When you think about private eyes, who comes to mind? Sherlock Holmes, of course. Sam Spade or Philip Marlowe, perhaps. But surely, if you’re a fan of mysteries and thrillers, you’ll conjure up Spenser as well. The protagonist of forty novels by the late, great Robert B. Parker (1932-2010), Spenser was the bane of the Mob and other assorted miscreants in Boston from 1973 to 2019. And the whole saga started with The Godwulf Manuscript in 1973.
The “Dean of American Crime Fiction” celebrated diversity
One of the hallmarks of the Spenser novels is the inclusion of a diverse cast of characters. In the course of the series, you’ll find characters including Hawk and Chollo, African-American and Mexican-American, respectively, as well as Spenser’s Jewish girlfriend, Susan [Silverman], various Russians, Ukrainians, Chinese, a gay cop, Lee Farrell, and even a gay mob boss, Gino Fish. But none of these characters surface in The Godwulf Manuscript, which is largely confined to the campus of a large urban university (probably the University of Massachusetts, Boston).
The Godwulf Manuscript (Spenser #1) by Robert B. Parker (1973) 210 pages @@@@ (4 out of 5)
A missing medieval manuscript and a radical student group
Spenser’s assignment from the stuffed-shirt university president, Bradford W. Forbes, is to recover a precious medieval manuscript that has gone missing from the campus library. The president assumes that a ransom letter for $100,000 has come from a radical student group, but Spenser has his doubts. And when one of the students who is reputed to be a leader in the most suspicious of those student organizations turns up dead, Spenser has good reason to believe that forces originating off-campus may well be to blame.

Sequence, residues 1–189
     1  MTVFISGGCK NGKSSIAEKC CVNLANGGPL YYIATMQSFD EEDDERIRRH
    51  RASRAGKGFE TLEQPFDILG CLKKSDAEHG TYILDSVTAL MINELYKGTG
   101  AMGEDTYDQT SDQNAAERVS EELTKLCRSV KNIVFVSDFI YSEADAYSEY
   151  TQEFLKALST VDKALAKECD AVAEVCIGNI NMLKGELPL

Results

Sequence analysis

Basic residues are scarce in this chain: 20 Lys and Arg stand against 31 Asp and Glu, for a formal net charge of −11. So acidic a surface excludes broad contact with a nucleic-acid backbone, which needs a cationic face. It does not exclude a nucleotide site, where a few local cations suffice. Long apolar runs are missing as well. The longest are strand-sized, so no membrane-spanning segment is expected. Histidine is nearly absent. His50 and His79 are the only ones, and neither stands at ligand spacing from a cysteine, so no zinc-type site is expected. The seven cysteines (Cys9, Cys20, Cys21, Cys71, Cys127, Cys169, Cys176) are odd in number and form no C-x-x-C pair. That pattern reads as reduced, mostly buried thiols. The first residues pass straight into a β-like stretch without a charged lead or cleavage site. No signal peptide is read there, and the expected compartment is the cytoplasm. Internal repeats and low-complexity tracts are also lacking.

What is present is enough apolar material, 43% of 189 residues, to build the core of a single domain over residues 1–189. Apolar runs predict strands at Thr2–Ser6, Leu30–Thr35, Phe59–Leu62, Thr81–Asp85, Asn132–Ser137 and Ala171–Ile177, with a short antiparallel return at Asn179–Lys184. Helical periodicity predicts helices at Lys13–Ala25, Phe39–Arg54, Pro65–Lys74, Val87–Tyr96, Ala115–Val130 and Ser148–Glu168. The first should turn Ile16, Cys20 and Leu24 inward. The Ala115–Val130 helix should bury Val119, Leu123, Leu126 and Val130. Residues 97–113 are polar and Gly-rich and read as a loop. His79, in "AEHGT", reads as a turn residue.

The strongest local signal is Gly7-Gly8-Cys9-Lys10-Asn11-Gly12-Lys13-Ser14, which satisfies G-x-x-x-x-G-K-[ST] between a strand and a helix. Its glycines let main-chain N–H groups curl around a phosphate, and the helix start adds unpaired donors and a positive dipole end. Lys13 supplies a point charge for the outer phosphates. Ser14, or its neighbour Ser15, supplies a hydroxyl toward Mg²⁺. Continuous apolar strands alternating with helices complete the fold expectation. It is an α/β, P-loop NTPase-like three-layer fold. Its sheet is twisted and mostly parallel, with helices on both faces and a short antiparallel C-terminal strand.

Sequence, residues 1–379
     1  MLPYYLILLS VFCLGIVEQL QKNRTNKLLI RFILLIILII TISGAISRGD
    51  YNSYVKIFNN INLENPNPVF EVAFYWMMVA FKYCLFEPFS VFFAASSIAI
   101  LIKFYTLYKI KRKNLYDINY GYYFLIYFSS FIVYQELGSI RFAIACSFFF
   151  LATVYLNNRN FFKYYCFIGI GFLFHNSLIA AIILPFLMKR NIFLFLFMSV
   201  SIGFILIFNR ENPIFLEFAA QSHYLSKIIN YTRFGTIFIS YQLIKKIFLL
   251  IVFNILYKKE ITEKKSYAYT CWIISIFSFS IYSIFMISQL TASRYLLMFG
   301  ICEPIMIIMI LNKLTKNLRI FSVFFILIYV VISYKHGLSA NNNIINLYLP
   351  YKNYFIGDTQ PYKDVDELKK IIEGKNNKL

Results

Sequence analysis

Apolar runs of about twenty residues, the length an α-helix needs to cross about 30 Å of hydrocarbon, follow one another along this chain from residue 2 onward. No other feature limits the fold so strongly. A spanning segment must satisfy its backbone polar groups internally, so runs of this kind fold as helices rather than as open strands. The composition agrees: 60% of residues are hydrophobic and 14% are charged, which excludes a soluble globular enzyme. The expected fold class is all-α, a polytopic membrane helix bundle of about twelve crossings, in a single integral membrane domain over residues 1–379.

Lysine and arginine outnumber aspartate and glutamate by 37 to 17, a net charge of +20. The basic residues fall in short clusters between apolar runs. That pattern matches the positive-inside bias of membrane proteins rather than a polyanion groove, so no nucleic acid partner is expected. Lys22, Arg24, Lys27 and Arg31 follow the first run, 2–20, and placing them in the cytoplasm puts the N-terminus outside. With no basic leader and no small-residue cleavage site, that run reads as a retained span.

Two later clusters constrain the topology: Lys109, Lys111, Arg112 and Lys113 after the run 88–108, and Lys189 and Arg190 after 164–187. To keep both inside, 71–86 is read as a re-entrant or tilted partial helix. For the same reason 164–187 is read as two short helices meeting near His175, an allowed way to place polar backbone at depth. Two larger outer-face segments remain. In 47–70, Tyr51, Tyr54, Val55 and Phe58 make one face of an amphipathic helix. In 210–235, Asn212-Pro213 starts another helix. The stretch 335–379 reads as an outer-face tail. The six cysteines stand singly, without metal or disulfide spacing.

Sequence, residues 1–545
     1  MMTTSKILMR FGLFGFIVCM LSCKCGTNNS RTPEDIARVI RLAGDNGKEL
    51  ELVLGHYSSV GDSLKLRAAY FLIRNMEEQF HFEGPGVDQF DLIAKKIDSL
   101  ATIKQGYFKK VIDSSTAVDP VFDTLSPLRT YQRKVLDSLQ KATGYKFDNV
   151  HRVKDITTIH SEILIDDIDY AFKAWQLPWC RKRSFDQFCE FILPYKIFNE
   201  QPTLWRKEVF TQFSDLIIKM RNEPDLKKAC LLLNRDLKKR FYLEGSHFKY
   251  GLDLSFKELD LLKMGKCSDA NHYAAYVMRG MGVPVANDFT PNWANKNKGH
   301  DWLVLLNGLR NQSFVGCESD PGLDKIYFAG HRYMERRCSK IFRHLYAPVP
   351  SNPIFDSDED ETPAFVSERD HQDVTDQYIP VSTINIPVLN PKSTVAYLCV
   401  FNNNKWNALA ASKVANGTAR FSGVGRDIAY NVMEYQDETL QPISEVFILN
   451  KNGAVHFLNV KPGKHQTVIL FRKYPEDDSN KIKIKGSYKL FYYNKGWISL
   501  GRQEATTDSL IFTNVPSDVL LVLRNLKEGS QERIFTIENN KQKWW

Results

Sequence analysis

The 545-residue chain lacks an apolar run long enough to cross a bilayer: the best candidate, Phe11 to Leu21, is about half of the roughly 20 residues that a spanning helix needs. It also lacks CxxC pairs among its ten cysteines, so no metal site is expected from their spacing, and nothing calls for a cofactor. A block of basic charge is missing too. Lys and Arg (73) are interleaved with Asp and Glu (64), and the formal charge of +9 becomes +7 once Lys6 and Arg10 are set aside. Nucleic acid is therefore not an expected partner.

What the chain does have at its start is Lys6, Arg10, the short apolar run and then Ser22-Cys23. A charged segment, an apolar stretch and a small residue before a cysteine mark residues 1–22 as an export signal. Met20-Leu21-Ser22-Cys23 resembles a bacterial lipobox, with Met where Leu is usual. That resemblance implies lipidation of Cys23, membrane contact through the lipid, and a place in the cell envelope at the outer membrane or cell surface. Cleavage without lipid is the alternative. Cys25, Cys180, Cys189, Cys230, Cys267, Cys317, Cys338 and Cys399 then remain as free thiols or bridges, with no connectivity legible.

Domestic terrorism in the 1970s
If you read this novel, keep in mind that it was published in 1973, when domestic terrorism was widespread in America. The Weather Underground, the New World Liberation Front, and the Symbionese Liberation Army collectively set off hundreds of bombs in the 1970s. As TIME Magazine notes, “In a single eighteen-month period during 1971 and 1972 the FBI counted an amazing 2,500 bombings on American soil, almost five a day.” So, for a university president to suspect a student group of nabbing a priceless manuscript — or for readers to believe the claim — was by no means far-fetched.
Spenser “with an ‘s’ like the English poet”
Spenser — “with an ‘s’ like the English poet” — is a wise-guy. To my mind, that’s one of the great attractions of this novel and the series as a whole. Parker’s snappy dialogue is a joy to read. If you’ve ever wanted to sound off at some stupid bureaucrat or nasty customer, you’ll find it very satisfying to observe how Spenser puts people in their place.
A worthy debut for the “Dean of American Crime Fiction”
Fair warning: The Godwulf Manuscript is no academic exercise, and Spenser is no shrinking violet. Ultimately, the novel drags in “organized crime, dope peddling, theft, radical politics, adultery, and murder.” And it’s a worthy debut for what so justly became a venerable series, leading some critics to term Parker the “Dean of American Crime Fiction.”
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